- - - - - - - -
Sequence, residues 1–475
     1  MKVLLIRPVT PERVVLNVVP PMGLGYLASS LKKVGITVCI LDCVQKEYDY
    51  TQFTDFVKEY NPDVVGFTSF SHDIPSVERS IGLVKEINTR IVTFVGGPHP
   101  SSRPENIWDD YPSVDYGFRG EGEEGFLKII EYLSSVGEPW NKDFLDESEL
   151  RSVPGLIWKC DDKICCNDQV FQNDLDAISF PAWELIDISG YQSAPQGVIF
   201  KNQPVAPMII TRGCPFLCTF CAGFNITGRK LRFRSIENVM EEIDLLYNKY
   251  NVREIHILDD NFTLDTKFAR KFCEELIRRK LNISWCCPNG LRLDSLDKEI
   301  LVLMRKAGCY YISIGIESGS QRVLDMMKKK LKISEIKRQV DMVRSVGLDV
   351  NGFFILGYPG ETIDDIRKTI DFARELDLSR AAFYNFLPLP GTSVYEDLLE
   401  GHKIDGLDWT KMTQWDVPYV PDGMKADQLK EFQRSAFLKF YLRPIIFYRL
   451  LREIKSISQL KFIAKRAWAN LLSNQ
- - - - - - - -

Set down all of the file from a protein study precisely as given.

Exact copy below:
Sequence, residues 1–475
     1  MKVLLIRPVT PERVVLNVVP PMGLGYLASS LKKVGITVCI LDCVQKEYDY
    51  TQFTDFVKEY NPDVVGFTSF SHDIPSVERS IGLVKEINTR IVTFVGGPHP
   101  SSRPENIWDD YPSVDYGFRG EGEEGFLKII EYLSSVGEPW NKDFLDESEL
   151  RSVPGLIWKC DDKICCNDQV FQNDLDAISF PAWELIDISG YQSAPQGVIF
   201  KNQPVAPMII TRGCPFLCTF CAGFNITGRK LRFRSIENVM EEIDLLYNKY
   251  NVREIHILDD NFTLDTKFAR KFCEELIRRK LNISWCCPNG LRLDSLDKEI
   301  LVLMRKAGCY YISIGIESGS QRVLDMMKKK LKISEIKRQV DMVRSVGLDV
   351  NGFFILGYPG ETIDDIRKTI DFARELDLSR AAFYNFLPLP GTSVYEDLLE
   401  GHKIDGLDWT KMTQWDVPYV PDGMKADQLK EFQRSAFLKF YLRPIIFYRL
   451  LREIKSISQL KFIAKRAWAN LLSNQ